Friday, February 4, 2011

Let's Call It the Stupid Bowl

Boing Boing's Mark Frauenfelder noted yesterday in a post about the Amish raw-milk black market:

Two people have died in the last 10 years from drinking unpasteurized milk. Twelve states have banned it. (By comparison, between two and twelve children die every year playing high school football. When will high school football be banned?)
Schematic drawing of a head, with brain and brainstem highlighted, crashing into the groundSusan Perry on MinnPost wrote today about the incidence of dementia among professional football players, following on the heals of a New Yorker article on the future of football in light of the new concussion evidence.

Drs. Steve Novella from the Science-Based Medicine blog and Craig Bowron, local doctor-about-town and writer, talked with Kerrie Miller about 2010 in medical news, and half the show was about concussion, including a call-in from Vikings great Carl Eller.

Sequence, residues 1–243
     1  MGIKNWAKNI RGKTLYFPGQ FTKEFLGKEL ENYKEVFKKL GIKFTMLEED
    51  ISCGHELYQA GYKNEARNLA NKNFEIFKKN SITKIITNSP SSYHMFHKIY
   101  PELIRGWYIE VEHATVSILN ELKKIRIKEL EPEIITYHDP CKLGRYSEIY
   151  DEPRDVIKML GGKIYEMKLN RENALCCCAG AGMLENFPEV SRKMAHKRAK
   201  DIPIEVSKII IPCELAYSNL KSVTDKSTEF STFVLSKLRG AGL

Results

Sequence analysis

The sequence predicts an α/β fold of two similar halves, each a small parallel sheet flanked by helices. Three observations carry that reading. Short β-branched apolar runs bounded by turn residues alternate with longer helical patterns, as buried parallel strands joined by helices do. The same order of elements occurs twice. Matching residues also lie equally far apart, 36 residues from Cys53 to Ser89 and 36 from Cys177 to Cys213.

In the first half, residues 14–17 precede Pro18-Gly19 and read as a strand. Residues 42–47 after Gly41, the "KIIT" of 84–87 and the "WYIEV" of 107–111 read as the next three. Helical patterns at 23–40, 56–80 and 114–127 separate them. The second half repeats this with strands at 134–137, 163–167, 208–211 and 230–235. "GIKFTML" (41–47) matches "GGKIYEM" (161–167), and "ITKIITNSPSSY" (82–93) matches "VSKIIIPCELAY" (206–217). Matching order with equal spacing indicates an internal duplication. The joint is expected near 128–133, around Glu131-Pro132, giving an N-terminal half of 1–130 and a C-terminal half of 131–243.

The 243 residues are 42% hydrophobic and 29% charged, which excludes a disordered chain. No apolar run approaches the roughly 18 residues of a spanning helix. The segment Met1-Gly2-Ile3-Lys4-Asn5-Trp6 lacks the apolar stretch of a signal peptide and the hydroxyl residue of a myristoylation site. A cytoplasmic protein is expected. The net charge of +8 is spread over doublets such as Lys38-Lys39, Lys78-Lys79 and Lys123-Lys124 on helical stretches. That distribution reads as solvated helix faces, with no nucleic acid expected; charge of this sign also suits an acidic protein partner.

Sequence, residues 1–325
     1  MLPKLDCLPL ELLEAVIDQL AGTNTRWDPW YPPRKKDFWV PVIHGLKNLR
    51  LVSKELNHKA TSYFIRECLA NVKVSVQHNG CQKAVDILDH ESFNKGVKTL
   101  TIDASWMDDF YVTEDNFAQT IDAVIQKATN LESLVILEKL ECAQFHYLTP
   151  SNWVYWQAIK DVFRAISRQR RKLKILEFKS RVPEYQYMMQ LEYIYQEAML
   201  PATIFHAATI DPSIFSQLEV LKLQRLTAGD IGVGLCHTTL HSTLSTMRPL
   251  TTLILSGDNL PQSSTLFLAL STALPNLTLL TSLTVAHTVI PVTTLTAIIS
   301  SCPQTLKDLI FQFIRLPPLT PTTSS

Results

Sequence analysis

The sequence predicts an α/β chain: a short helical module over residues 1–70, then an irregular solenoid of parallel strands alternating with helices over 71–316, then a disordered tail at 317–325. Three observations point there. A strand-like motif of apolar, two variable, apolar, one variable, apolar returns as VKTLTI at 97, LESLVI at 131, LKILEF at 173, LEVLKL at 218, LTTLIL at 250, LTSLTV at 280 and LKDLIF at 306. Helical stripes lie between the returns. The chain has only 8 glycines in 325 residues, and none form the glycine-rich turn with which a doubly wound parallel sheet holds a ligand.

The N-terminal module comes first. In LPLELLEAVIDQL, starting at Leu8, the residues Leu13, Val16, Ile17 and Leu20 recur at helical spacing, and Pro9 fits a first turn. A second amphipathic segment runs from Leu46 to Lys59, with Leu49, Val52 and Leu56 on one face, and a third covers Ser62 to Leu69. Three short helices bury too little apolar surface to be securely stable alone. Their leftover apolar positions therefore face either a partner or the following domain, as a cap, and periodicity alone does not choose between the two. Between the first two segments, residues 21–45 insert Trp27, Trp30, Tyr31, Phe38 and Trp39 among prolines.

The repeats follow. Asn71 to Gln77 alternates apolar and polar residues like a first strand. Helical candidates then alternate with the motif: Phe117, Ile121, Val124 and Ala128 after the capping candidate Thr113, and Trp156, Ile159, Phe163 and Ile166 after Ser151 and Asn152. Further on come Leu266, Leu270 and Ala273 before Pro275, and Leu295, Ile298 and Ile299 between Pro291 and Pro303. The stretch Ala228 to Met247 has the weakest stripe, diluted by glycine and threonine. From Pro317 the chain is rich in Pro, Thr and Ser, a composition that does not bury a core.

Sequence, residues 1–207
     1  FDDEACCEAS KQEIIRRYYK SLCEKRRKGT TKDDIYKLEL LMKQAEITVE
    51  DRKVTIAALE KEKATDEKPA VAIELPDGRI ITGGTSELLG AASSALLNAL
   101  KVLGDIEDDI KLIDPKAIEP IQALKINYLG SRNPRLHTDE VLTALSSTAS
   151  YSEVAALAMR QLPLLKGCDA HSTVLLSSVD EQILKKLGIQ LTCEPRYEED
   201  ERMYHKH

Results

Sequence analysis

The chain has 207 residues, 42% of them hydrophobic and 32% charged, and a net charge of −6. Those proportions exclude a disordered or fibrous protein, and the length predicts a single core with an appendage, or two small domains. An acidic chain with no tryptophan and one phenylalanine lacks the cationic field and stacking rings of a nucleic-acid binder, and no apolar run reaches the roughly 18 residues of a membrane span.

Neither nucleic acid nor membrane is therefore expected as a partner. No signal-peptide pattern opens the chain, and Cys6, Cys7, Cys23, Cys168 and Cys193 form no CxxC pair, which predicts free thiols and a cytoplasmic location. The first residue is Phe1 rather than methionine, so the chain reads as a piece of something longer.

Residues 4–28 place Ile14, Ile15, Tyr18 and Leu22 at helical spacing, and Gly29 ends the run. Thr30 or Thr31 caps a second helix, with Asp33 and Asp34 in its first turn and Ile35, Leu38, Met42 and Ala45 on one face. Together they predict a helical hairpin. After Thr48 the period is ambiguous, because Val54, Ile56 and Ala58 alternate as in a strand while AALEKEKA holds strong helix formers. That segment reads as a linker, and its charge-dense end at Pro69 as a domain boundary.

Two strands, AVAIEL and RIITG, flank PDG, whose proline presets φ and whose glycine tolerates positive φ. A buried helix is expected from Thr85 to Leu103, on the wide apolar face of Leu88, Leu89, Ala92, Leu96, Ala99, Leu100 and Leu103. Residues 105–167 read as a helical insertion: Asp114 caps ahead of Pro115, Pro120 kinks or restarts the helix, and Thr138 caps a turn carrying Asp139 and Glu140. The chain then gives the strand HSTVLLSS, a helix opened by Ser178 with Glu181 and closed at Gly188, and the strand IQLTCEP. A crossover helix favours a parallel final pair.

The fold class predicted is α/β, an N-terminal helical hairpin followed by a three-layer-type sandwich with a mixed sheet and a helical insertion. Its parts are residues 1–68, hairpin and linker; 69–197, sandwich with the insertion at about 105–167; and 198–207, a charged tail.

"Retired N.F.L. players are five to nineteen times as likely as the general population to have received a dementia-related diagnosis," write the New Yorker's Ben McGrath. For those keeping score at home, that means they're 500 to 1,900 percent as likely to get that diagnosis.

Table comparing likelihoods of NFL players getting dementia and women on HRT getting various maladiesThat's a pretty big increase in likelihood, compared to the types of risks we hear about in most medical research. Compare it, for example, to the Women's Health Initiative study on hormone therapy in menopausal women, where the worst outcome was a 100 percent increase in likelihood (twice as likely) of pulmonary embolism, which was offset to some extent by decreases in the likelihood of other afflictions, such as hip fractures and colorectal cancer. Not to mention decreases in debilitating hotflashes. The WHI results were considered so extreme that the study was stopped early, and the publicity and recommendations caused a rapid decrease in the number of women taking hormone therapy.

There's no upside to the "treatment" of elective concussion, except the joy of millions who like to watch men bash their heads together. But football continues, unchanged.

1 comment:

Michael Leddy said...

My family thinks I'm crazy, but I think it's only a matter of time (perhaps a couple of decades) before football disappears as a college sport. Economics and the potential damage to players will make the game untenable.